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FPGA-based Real-Time Citrus Classication System

Marco Aurelio Nuno-Maganda,


Yahir Hernandez-Mier

Cesar Torres-Huitzil

Josue Jimenez-Arteaga

CINVESTAV-Tamaulipas,
Instituto de Estudios Superiores
Ciudad Victoria, Tamaulipas, Mexico
de Tamaulipas,
Universidad Politecnica de Victoria,
Email: ctorres@tamps.cinvestav.mx Av. Dr. Burton E. Grossman 501 Pte,
Av. Nuevas Tecnologas 5902,
Altamira, Tamaulipas, Mexico
Ciudad Victoria, Tamaulipas, Mexico
Email: josue.jimenez@icest.edu.mx
Email: {mnunom,yhernandezm}@upv.edu.mx

AbstractCommonly, in the citrus industry in Mexico, fruit


grading is performed by humans through visual inspection.
Manual inspection implies several problems in maintaining grading consistency and sorting uniformity. Citrus classication is
normally achieved based on external visible criteria, such as
size, shape and color. This problem has been addressed using
computer vision algorithms, but an automatic grading machine
based on computer vision usually requires large computational
resources in order to perform the classication due to the
complexity of the computer vision operators. This paper describes
an embedded color-based citrus selection system implemented on
a eld programmable gate array (FPGA) device. Experimental
results show that the proposed hardware architecture is able to
process 720p color images at 30 fps. The proposed architecture
was validated on a Spartan-6 FPGA and the hardware resource
utilization is reported.

I. I NTRODUCTION
Currently, the state of Tamaulipas is the second larger
producer of citrus in Mexico. In 2011, the total production
was approximately 500,000 tonnes [1]. Post-harvest treatment
has become an essential stage in the marketing of fresh fruits
in order to maintain the freshness of the product and reach
the consumer in the best conditions. Commonly, citrus quality
grading is performed by humans manually by visual inspection
of external visible criteria, such as size, shape and color.
Manual inspection implies several problems to maintain consistency in grading and uniformity in sorting due to observer
subjectivity. Thus an embedded automatic vision system for
citrus classication in the industry is highly desirable.
An automatic citrus grading machine based on computer
vision faces some technical issues, such as: 1) high resolution
images make difcult to apply image processing operators in
real-time (30 fps); 2) accurate classication demands very high
computational resources and since the application requires
a high-performance embedded implementation, conventional
computer and traditional microcontrollers are unsuitable for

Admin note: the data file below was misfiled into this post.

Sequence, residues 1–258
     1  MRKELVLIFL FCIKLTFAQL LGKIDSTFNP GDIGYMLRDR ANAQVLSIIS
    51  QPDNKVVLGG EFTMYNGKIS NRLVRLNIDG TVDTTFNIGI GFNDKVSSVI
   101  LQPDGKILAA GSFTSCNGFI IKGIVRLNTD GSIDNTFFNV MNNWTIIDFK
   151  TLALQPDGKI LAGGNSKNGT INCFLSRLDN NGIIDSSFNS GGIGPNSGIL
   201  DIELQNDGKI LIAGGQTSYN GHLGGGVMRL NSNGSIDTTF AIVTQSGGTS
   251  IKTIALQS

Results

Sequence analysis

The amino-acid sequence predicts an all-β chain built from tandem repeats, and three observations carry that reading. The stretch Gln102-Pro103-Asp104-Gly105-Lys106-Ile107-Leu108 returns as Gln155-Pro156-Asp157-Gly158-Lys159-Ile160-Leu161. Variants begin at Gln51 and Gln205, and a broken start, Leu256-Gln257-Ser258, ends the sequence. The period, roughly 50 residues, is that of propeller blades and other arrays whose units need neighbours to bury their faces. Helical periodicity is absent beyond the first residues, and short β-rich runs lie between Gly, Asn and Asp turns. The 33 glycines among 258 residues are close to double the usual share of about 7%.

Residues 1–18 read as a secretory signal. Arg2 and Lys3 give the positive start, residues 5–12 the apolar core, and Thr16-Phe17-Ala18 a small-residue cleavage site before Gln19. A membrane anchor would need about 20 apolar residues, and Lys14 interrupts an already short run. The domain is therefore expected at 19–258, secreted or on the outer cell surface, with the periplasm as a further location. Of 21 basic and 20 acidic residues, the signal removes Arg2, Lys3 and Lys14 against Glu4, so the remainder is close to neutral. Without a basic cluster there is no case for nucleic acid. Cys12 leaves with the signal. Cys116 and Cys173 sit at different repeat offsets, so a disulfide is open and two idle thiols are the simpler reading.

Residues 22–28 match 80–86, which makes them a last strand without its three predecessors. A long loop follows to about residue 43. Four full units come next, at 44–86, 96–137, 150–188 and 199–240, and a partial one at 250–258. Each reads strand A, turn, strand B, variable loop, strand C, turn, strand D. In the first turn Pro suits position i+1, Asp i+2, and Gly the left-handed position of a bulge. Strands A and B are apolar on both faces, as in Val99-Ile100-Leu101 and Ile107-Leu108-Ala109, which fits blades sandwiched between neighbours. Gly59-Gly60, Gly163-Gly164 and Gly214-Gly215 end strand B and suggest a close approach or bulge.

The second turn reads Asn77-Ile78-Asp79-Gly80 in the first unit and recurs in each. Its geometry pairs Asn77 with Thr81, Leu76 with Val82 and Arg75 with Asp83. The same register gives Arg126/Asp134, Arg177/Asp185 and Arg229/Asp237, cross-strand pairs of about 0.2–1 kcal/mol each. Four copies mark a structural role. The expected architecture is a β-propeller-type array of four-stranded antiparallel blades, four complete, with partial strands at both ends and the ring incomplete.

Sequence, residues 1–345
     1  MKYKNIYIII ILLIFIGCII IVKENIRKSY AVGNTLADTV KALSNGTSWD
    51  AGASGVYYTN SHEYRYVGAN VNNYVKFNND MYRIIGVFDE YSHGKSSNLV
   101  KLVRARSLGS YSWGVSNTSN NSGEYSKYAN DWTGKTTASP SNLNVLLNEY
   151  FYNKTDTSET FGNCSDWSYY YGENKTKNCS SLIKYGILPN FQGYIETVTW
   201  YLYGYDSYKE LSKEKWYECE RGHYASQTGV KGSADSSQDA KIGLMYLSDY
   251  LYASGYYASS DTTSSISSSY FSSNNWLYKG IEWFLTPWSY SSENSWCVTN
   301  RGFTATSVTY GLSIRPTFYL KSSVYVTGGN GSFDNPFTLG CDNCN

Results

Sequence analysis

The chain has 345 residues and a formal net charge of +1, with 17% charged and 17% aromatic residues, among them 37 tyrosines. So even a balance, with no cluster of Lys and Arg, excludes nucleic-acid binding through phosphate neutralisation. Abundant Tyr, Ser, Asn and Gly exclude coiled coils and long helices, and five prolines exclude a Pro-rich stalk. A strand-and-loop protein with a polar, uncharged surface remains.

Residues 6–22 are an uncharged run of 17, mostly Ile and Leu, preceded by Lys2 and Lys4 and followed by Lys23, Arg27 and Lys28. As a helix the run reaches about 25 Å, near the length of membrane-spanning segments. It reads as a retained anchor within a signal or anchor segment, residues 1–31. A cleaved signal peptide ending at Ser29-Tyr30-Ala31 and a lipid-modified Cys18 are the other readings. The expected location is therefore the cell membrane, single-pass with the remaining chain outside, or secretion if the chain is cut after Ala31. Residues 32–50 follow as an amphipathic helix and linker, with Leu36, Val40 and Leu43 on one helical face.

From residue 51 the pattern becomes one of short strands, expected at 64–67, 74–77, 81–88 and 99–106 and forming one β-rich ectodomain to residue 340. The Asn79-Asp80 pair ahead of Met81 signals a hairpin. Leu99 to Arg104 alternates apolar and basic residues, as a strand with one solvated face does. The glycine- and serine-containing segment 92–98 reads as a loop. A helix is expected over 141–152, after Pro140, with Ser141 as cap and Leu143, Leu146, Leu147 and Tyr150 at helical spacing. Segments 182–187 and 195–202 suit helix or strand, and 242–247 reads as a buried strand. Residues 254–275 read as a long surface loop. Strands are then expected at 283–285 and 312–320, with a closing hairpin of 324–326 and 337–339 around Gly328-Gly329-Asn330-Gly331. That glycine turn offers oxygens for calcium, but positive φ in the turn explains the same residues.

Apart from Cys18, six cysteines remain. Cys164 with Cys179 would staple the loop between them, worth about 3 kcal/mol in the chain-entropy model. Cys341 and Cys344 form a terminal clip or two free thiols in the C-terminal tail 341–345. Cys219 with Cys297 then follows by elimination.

implementing the classication system. However, image preprocessing operations can be performed using a dedicated
hardware implementation, which might exhibit a faster processing, by performing several tasks in parallel with the
additional advantages of low power consumption and small
size [2]. Considering the latter issues, FPGAs are suitable
for the addressed application since they potentially provide
c 2014 IEEE
978-1-4799-2507-0/14/$31.00 

a high computational power to achieve high performance with


reduced design cycles.
Several software implementations of fruit selection systems
using computer vision operators have been reported in the
past [3], [4], [5], [6], [7], [8]. Nevertheless, the embedded
implementation of any of these techniques using an FPGA
has not been explored. In this paper, a hardware architecture
for a color-based citrus classication system is described.
The proposed architecture can be congured to classify many
ripeness levels, but for this paper, only ve ripeness levels
were used in the experimentation. This rest of the paper is
organized as follows: Section II describes the background of
image processing, spatial ltering, and color spaces used in
the citrus classication approach. Section III introduces the
proposed hardware architecture for the citrus classication
system. FPGA implementation results and their discussion are
described in section IV. Finally, in section V, conclusions and
future work are presented.
II. C ITRUS C LASSIFICATION A LGORITHM
The citrus classication performed by the proposed hardware architecture is divided into the following stages: 1) The
input image is converted from RGB color space to CIELab
color space. For the specic citrus classication, only one of
the three channels of the CIELab color space is used (b*). This
simplies the implementation of the hardware block required
to compute this conversion; 2) The resulting image is blurred
using a 5-by-5 Gaussian lter to remove detail and noise; 3)
The blurred image is thresholded by a xed value to separate
objects from the background; 4) A morphological opening is
applied to the binary image obtained from thresholding in
order to remove some of the foreground pixels from the edges
of regions of foreground pixels; 5) The opened image is ltered
by applying a 5-by-5 mean lter to preserve edges in the
image while reducing noise; 6) Finally, a pixel classication
is performed by counting the number of pixel of the region
of interest that belongs to each one of the classes. The nal
classication is performed based on the color class that obtain
the maximum number of pixels.
A. RGB to CIELab Conversion Module
The three coordinates of the CIELab color space represent
the lightness of the color (L), its position between red/magenta